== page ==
The Free Software Definition

The Free Software Definition

The Free Software Definition written by Richard Stallman and published by Free Software Foundation (FSF), defines free software as being software that ensures that the end users have freedom in using, studying, sharing and modifying that software. The term "free" is used in the sense of "free speech," not of "free of charge."[1] The earliest known publication of the definition was in the February 1986 edition[2] of the now-discontinued GNU's Bulletin publication of FSF. The canonical source for the document is in the philosophy section of the GNU Project website. As of April 2008, it is published there in 39 languages.[3] FSF publishes a list of licences which meet this definition.

Contents

  • The definition and the Four Freedoms 1
  • Later definitions 2
  • Comparison with the Open Source Definition 3
  • See also 4
  • References 5
  • External links 6

The definition and the Four Freedoms

The definition published by FSF in February 1986 had two points:[2]

In 1996, when the gnu.org website was launched, "free software" was defined referring to "three levels of freedom" by adding an explicit mention of the freedom to study the software (which could be read in the two-point definition as being part of the freedom to change the program).[4][5] Stallman later avoided the word "levels", saying that you need all of the freedoms, so it's misleading to think in terms of levels.

Finally, another freedom was added, to explicitly say that users should be able to run the program. The existing freedoms were already numbered one to three, but this freedom should come before the others, so it was added as "freedom zero".[6]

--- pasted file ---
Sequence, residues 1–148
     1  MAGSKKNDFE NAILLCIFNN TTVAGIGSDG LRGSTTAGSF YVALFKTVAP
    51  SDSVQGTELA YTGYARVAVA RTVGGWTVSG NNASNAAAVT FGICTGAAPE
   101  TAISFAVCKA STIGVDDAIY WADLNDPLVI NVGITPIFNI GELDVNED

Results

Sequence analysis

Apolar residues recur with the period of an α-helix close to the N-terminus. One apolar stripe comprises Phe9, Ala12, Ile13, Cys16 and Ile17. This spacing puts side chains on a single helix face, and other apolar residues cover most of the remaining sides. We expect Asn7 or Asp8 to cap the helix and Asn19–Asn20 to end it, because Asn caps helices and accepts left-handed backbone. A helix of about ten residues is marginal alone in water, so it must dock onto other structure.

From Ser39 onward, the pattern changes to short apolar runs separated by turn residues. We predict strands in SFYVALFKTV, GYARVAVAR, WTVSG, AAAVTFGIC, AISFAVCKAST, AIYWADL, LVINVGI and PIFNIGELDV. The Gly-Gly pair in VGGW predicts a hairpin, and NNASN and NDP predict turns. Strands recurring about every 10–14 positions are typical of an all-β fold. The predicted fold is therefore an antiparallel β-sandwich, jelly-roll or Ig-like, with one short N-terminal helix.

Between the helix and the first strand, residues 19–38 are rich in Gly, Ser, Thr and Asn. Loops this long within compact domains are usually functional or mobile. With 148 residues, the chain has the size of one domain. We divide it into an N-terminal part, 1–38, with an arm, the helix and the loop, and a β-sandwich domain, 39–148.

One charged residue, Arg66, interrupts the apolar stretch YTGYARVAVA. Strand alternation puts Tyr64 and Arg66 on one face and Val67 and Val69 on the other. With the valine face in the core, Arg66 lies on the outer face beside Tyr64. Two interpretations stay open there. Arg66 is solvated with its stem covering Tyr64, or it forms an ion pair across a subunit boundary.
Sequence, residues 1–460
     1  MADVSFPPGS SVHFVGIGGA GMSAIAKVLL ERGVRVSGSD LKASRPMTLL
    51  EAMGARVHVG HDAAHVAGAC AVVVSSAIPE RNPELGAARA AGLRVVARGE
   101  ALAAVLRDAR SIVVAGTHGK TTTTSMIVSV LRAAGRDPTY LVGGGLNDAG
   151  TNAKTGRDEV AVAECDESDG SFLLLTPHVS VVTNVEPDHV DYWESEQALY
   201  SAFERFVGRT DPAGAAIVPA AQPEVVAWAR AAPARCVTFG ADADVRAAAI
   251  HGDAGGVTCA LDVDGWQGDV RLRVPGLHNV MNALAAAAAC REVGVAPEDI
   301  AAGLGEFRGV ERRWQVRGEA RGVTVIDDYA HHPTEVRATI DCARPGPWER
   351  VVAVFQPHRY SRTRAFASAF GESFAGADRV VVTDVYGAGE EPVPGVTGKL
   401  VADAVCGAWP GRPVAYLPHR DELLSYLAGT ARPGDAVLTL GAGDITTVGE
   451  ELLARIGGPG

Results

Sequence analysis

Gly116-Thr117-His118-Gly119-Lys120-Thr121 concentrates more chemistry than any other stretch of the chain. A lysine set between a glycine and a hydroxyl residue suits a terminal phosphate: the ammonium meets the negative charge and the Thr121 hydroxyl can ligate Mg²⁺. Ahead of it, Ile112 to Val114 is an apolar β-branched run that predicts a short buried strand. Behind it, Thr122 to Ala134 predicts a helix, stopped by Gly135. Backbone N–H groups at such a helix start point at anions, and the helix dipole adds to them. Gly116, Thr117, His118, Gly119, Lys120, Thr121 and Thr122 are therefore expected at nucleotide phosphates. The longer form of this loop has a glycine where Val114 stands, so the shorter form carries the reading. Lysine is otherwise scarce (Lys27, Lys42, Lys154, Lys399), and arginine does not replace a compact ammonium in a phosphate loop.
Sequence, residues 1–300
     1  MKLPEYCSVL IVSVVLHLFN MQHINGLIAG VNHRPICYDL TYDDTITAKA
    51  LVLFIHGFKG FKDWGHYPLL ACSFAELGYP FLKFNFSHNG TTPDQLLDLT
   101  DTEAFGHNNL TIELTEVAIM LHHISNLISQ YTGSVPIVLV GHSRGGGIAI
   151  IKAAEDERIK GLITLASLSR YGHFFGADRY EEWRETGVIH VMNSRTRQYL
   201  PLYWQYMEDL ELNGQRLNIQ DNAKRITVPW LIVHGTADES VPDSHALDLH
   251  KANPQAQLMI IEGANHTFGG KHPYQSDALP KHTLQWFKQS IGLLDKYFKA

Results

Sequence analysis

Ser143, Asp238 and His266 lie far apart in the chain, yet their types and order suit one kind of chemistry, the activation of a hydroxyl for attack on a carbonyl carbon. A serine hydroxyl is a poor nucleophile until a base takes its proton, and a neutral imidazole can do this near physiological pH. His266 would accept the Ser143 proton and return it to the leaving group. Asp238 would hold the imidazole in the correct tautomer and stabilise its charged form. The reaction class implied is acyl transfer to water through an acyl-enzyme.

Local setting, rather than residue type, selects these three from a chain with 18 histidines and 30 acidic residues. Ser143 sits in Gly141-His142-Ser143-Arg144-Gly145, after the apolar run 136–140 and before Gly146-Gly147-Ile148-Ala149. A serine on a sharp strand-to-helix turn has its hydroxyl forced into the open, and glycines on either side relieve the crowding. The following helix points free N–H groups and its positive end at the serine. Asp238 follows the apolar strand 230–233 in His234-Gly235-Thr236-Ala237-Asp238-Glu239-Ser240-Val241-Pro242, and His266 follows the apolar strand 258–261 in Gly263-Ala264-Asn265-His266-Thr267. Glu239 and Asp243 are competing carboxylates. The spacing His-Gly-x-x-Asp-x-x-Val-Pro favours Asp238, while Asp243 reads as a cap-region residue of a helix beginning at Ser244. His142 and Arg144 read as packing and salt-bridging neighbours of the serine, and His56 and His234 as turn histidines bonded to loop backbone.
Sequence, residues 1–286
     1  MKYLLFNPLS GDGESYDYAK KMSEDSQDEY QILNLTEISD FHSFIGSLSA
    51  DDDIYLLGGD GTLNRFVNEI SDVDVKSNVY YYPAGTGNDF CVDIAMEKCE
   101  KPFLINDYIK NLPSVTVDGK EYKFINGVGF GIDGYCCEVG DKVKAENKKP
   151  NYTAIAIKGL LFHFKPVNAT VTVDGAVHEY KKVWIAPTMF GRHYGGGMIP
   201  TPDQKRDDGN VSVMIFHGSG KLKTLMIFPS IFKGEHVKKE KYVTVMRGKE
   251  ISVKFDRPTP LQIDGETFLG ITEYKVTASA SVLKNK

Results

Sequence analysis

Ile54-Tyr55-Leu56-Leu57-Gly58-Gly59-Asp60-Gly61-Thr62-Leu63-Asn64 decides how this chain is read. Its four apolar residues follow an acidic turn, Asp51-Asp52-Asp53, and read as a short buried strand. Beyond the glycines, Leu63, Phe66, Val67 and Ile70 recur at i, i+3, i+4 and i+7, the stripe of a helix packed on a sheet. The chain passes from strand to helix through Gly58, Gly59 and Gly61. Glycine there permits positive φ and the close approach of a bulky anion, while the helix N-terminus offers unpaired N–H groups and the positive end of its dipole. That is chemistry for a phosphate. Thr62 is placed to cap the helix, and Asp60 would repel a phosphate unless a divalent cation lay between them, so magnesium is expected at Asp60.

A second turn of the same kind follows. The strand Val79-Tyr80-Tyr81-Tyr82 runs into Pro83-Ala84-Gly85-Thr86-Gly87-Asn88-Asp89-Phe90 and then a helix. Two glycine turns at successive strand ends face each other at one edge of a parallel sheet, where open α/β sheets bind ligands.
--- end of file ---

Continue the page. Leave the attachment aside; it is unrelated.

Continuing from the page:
The modern definition defines free software by whether or not the recipient has the following four freedoms:[7]

Freedoms 1 and 3 require source code to be available because studying and modifying software without its source code is highly impractical.

Later definitions

In July 1997, Bruce Perens published the Debian Free Software Guidelines.[8] This was also used by Open Source Initiative (OSI) under the name "The Open Source Definition", the only change being that use of the term "free software" was replaced by OSI's alternative term for free software, "open-source software".

Comparison with the Open Source Definition

Despite the philosophical differences between the free software movement and the open source movement, the official definitions of free software by the Free Software Foundation and of open source software by the Open Source Initiative basically refer to the same software licences, with a few minor exceptions. While stressing the philosophical differences, the Free Software Foundation comments:

See also

References

  1. ^
  2. ^ a b
  3. ^
  4. ^
  5. ^
  6. ^
  7. ^
  8. ^

External links

  • The Free Software Definition - published by FSF
  • GNU's Bulletin, volume 1, number 1 - a February 1986 document defining free software. Possibly the first published definition.
  • The Free Software Definition with notes, by Free Software Foundation Europe
  • Why “Open Source” misses the point of Free Software, by Richard Stallman